….. that was the title Tom Stuart-Smith gave to a Literary Festival organised by The Garden Museum in the Stuart-Smith’s garden last weekend.
The timing was propitious: only the second weekend this year when a festival in a garden had no need for umbrellas. Saturday was warm and partly sunny, Sunday was a proper summer day. We needed the shade of the tent for the lectures that were the centrepiece; a tent you discovered within beech hedges in the heart of a garden as lovely, and in as beautifully-timed perfection, as I could imagine. So beautifully-timed, in fact, that groups of flowers that had been in promisingly imminent bud on the first day showed their colours to the sun on the second.
The garden crests a modest ridge in a corner of Hertfordshire miraculously preserved from new towns and motorways, sheltering among its high hedges, then suddenly bursting out into a long view over fields and woods. There are few gardens these days where perennials hold sway: here not in conventional borders but in great plats thirty feet or so across and deep. Their early summer costume is predominantly cream and white and a dozen shades of purply blue; in one room shading into pale pink, in another into stronger yellows – but in gentle transitions that only dawn on you as you rest your eyes on the whole panorama.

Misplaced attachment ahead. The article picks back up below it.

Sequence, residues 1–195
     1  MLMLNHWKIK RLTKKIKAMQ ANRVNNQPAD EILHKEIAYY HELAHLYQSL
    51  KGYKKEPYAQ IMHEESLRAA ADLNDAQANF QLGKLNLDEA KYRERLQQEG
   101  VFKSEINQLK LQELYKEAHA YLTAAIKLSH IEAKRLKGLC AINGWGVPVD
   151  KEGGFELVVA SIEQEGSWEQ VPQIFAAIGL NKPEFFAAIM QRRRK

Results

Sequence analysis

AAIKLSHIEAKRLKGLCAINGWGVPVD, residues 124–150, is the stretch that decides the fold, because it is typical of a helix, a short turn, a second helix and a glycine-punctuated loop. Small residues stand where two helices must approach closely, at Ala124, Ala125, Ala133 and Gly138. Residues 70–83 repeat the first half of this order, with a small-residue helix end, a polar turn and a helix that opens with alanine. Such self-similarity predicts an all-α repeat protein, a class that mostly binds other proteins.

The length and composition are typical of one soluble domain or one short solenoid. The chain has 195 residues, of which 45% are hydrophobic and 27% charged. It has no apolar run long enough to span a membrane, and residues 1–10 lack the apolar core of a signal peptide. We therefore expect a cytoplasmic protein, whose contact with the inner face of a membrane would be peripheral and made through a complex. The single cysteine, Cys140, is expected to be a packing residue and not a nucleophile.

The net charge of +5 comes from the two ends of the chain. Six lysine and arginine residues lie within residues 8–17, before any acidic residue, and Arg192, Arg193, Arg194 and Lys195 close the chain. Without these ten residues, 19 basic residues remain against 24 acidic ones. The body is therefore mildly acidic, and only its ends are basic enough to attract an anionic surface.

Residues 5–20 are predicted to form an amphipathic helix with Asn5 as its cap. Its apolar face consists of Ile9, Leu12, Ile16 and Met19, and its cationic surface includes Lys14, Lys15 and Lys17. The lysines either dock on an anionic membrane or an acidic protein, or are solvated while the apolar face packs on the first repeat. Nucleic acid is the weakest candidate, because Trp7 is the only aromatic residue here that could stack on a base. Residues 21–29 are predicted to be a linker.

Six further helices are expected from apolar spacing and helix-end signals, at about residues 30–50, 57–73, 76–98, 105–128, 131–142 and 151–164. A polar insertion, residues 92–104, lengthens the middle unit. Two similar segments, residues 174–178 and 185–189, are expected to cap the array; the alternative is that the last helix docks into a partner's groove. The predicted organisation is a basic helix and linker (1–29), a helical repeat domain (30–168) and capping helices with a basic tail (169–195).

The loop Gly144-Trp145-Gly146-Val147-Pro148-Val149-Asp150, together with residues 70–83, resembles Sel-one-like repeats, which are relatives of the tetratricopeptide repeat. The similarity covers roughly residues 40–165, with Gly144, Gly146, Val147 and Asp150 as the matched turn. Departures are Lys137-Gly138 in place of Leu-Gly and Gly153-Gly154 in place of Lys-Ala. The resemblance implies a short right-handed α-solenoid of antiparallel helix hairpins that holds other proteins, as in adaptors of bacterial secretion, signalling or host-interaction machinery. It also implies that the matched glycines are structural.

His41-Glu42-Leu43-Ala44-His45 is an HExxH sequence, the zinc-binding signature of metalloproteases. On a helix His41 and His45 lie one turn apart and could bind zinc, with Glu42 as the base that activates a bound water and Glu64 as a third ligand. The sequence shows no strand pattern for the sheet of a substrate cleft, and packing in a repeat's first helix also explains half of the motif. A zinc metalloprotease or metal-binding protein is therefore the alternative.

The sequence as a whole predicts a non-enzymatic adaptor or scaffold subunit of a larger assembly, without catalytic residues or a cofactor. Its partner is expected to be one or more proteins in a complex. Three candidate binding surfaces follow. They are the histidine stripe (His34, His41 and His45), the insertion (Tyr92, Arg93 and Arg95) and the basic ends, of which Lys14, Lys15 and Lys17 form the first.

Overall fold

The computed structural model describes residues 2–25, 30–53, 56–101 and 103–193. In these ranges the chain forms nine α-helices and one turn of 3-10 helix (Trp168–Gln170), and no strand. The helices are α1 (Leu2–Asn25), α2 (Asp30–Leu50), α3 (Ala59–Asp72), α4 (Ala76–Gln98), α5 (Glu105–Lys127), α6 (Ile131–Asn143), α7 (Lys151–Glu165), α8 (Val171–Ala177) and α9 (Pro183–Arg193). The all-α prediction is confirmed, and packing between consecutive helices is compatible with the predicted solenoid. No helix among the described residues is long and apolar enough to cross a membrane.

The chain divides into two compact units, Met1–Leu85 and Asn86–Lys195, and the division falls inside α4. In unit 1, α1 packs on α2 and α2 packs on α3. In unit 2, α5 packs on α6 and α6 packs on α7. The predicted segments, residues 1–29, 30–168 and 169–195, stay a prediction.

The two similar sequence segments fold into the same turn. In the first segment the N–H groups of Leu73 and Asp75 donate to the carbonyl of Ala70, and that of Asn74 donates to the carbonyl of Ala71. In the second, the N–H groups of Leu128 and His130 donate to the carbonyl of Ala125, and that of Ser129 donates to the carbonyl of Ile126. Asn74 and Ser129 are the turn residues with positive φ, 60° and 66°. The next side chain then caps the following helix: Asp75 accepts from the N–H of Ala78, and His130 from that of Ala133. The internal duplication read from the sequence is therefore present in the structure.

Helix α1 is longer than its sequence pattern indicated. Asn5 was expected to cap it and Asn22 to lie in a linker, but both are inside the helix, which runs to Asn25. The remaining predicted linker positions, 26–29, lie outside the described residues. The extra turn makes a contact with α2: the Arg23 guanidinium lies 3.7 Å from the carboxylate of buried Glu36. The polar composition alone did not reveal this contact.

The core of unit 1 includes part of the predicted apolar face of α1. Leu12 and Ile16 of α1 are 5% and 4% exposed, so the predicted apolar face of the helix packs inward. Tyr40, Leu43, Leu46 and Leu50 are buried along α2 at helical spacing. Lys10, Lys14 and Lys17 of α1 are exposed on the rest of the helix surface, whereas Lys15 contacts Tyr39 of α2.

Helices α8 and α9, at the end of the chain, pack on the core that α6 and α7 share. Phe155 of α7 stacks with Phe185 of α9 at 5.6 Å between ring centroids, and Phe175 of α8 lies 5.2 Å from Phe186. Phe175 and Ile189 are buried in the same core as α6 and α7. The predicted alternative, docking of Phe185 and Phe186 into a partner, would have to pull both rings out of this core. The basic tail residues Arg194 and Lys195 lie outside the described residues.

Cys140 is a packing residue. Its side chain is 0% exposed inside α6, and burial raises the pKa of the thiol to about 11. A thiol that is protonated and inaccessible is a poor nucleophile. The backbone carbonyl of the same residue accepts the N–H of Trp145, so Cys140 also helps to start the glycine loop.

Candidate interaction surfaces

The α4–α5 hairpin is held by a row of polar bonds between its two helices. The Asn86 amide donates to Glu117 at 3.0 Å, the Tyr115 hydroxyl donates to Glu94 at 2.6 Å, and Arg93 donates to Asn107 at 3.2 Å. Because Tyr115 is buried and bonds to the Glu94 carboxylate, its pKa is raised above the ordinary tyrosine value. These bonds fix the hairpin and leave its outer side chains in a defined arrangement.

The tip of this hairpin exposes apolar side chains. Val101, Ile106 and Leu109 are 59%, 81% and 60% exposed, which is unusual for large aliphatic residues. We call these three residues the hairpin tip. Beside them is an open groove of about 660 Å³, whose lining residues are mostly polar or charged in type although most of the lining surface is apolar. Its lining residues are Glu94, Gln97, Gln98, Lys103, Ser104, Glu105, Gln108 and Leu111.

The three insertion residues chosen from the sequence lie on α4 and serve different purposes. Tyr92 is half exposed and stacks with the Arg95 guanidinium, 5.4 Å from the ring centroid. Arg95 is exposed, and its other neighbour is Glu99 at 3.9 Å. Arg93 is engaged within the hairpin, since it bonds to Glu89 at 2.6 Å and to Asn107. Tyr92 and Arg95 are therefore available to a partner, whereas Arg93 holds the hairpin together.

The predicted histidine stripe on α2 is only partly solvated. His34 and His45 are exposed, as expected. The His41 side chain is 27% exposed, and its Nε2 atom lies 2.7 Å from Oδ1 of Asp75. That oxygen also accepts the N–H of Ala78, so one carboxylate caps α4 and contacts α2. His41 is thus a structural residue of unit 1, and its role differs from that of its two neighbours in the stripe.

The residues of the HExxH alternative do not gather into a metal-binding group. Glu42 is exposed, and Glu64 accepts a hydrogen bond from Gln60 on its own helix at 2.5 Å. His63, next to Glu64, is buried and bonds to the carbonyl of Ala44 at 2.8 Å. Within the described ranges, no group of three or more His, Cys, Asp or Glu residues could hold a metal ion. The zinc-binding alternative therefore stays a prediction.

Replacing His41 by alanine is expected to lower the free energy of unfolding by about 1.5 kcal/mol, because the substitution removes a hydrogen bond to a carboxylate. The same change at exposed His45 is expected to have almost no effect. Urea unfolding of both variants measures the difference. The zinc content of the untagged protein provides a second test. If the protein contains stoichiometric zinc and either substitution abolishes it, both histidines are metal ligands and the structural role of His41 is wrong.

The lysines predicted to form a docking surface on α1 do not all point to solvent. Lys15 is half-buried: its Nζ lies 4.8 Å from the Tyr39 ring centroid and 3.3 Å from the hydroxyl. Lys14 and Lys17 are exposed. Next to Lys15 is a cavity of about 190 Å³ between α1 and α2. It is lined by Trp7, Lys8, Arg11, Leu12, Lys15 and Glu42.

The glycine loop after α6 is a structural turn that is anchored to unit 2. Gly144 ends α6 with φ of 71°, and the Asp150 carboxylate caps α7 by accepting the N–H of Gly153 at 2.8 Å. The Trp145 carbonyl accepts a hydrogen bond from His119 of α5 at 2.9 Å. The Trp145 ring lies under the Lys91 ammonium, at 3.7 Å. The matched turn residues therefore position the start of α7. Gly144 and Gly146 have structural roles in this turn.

The Festival unfolded in the same seamless way, moving from the fundamentals of garden philosophy to depths of practical experience, represented by Piet Oudolf, the blunt authoritative Dutch designer who has made the whole world plant grasses. (No grasses could be more beautiful, though, than the rippling filigree of the meadows round the garden we were in).
Christopher Woodward, the museum’s hyper-energized director, pursued the vision of Arcadia with Adam Nicholson – himself a practitioner of moving prose. Sue Stuart-Smith spoke with extraordinary insight on the therapeutic properties of gardening, Hugh Cavendish talked about Holker, his Cumbrian estate, Sarah Raven about Vita Sackville-West. Anna Pavord talked to John Sales, Penelope Hobhouse to Tom Stuart-Smith…. the cast was exceptional and there wasn’t time to hear them all.
There was music, there were oysters, when night fell the colours of the garden deepened and glowed and a slow river of pale smoke rose vertically from the barbecue fire. It was an ambitious event that succeeded to perfection. How lucky we were to be there. The museum that does this deserves massive support.